The technology sector is increasingly seeing an opportunity to apply its expertise in data aggregation, predictive analytics, data mining and software to healthcare. Technology companies are continuing to move into the healthcare space, bringing new ideas and options in order to help improve the quality of life.
Healthcare leaders are required to navigate through a complex array of databases and technologies which can help them make the right decisions about the optimal tools to invest in for their organizations. They often have to make those decisions within limited time and budget while also balancing them against other priorities.
Reasons for a Data-Driven Healthcare
The rising cost of healthcare in the North Americas and Europe have created a need for big data in the healthcare sector. A McKinsey report states, “After more than 20 years of steady increases, healthcare expenses now represent 17.6 percent of GDP — nearly $600 billion more than the expected benchmark for a nation of the United States’s size and wealth.”
Clearly, we are in need of some smart, data-driven thinking in this area. This is why we need to have a data-driven approach to healthcare:
- The necessity to reduce cost
Traditional cost reduction strategies are not enough to achieve and sustain the transformational goals for healthcare reform.
Healthcare leaders are now exploring Enterprise Intelligence (EI) systems that can help make a decision for the cost and quality of care across the complex care continuum by progressively providing granular volume, cost, and profitability details at every level of the care network and operations.
Government healthcare institutions like Centers for Medicare and Medicaid Services (CMS), are using data to reduce fraud, promote price transparency, and reveal price variations for clinical services.
2. Data and Analytics aid in Clinical Transformation on the Front Lines of Both Care Delivery and Research.
One of the most exciting areas of growth is to integrate data and predictive analytics from new platforms such as smartwatches and smartphones into existing clinical protocols to provide accurate clinical decision support.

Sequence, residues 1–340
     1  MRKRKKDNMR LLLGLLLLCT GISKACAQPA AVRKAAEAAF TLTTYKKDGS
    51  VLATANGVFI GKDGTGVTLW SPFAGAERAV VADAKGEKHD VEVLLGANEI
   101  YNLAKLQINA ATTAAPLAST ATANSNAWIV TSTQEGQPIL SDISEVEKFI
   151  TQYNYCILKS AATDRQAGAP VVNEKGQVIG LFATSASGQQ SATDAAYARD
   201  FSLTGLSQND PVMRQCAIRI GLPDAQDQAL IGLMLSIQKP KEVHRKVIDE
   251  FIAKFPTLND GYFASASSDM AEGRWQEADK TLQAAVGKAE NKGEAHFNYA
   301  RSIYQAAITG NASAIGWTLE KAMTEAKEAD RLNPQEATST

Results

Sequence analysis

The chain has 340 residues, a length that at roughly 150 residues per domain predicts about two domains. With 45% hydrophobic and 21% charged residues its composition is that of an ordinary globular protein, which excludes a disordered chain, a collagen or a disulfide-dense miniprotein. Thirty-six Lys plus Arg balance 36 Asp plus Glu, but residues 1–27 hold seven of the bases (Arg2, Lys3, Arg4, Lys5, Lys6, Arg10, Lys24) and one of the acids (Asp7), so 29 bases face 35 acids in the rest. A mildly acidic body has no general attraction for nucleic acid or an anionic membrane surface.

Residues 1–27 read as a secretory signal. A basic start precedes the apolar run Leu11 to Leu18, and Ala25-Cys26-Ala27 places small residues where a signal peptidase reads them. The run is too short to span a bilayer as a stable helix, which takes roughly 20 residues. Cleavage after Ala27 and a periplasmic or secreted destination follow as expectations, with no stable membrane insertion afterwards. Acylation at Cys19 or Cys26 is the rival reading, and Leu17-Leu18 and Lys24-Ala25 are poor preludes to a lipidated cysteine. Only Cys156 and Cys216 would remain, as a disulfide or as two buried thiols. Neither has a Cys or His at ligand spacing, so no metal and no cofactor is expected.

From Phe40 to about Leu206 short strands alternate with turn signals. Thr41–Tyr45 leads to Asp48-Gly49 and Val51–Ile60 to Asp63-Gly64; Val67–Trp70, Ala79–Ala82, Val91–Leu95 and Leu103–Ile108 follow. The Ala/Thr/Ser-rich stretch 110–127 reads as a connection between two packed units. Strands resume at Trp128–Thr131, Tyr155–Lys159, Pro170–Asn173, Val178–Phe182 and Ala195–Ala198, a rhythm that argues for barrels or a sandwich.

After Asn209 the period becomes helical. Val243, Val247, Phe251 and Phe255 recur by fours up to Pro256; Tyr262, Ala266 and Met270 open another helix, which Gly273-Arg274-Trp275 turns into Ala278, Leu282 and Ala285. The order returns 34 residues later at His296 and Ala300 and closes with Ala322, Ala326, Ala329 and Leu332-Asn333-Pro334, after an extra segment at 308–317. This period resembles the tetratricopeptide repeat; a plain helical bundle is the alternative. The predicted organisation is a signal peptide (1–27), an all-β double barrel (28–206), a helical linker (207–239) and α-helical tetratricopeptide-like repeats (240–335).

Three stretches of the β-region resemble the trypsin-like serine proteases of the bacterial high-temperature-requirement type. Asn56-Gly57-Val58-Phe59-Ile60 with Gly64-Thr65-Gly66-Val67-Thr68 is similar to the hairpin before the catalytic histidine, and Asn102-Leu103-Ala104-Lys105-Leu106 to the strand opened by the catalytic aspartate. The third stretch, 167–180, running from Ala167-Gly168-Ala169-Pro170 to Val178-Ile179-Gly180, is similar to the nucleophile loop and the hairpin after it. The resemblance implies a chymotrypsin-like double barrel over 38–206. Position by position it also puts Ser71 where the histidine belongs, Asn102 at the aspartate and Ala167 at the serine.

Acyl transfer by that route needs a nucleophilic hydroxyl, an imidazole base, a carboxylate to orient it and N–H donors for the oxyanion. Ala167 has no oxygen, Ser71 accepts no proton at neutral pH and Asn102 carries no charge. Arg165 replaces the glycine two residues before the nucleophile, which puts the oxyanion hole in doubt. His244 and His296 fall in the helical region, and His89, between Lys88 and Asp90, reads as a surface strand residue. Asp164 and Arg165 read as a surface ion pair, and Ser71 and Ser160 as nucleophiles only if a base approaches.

Precision medicine is a newly emerging area that has already provided a significant number of real-world cases to prove its value. Life sciences companies, providers, and clinical researchers are ensuring an increase in new genomic, biomarker, and molecular data to appropriate accurate diagnoses and more targeted treatments.
3. A new value-based approach by different sectors.
Providers: Many leading health systems are building data and analytic capabilities to monitor and manage performance, reduce adverse events and re-admissions, and improve quality.
Public sector: Centers for Medicare & Medicaid Services (CMS) has implemented a range of alternative payment models and this has become a driver behind both sharing and using data to help providers focusing on achieving quality and performance management goals.
Life sciences companies: Life sciences companies have begun to explore value-based contracting with payers. This is a relatively new approach and demonstrates that value-based thinking is extending into the life sciences sector.
Challenges in Data-Driven Healthcare
With technological innovations such as the Internet of Things providing data at unprecedented levels, the demand for experts in data analytics is increasing. With such a drastic spike in data, there are bound to be a few challenges:
- Data is different from meaningful information
A Stanford University report noted that by 2020, 2.3K exabytes of healthcare data will be generated annually by the users. This is enough to fill the typical PC about 100 billion times.